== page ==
GAMDIAS HERMES Keyboard Overview
Normally one of the first images I’d show are the accessories that come with a product. In the case of the HERMES, there are none save two logo stickers; not even a folded pamphlet. Presumably as an experienced gamer you will intuitively understand that you’re suppose to go to the GAMDIAS web site and download the keyboard software. While you’re there, you can peruse a short user manual…in Czech. It’s worthwhile to download this and run it through Google Translate, by the way.
So, moving on…the first thing you will notice about the GAMDIAS HERMES is that it’s a pretty large keyboard. Extra macro keys on the left and bottom edges make it quite large, even without what is surely the industry’s largest wrist rest attached. Compared to a normal 104-key keyboard, the GKB2010 is just huge.
This particular example uses Cherry MX Black switches, although you can choose between Black, Blue, Red, and Brown when ordering the keyboard. The “standard 104” keys are secured by a thick metal base, although the macro keys at the left and bottom of the keyboard are supported only by their circuit boards.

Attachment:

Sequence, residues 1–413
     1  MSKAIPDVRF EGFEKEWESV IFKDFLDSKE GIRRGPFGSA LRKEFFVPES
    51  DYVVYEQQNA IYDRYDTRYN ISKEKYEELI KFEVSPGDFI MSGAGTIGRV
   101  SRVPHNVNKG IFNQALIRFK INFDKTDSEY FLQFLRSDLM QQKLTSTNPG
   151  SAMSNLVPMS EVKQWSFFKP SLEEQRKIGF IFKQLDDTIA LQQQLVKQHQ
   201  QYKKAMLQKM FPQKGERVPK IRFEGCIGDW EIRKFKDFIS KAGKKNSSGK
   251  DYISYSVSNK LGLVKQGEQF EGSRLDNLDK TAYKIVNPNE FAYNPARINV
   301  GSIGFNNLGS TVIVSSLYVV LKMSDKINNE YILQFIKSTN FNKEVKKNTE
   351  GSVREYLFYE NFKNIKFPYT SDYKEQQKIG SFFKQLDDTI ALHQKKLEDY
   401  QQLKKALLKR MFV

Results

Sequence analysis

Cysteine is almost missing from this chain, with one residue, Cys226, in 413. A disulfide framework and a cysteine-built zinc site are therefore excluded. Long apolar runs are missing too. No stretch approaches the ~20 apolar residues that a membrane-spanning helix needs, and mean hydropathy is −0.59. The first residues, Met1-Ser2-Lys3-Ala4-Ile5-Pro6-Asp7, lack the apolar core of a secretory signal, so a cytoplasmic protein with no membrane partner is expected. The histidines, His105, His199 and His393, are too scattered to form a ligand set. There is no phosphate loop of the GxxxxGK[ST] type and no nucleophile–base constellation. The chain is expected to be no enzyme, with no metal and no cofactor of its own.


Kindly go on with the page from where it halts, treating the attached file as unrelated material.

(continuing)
There are five macro keys at the left of the keyboard…
…six along the bottom of the GKB2010 keyboard (although not stacked as shown here)…
…and finally two more snuck into the arrow cluster.
As we’ve seen on other gaming keyboards, the Scroll Lock indicator has been replaced with a “Gaming” indicator (Gaming mode disables the Windows key). Here you can also see the USB port, microphone, and headphone labels for the ports on the back of the keyboard.
You connect these ports to your PC with these heavy, braided, gold-plated-connector cables. There are separate USB connectors for the keyboard itself and for the USB pass-through on the back; the microphone and headphone connectors have color-coded insulating rings.